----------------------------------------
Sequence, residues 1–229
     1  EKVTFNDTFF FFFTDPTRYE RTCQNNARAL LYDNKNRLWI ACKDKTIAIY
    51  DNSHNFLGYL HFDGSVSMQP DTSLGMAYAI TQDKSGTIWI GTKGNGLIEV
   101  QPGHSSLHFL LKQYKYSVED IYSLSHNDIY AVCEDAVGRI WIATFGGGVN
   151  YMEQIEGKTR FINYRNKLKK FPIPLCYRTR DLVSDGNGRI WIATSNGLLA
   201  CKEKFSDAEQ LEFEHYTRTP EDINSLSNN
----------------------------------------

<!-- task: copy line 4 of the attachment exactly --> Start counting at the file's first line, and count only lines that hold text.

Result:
   101  QPGHSSLHFL LKQYKYSVED IYSLSHNDIY AVCEDAVGRI WIATFGGGVN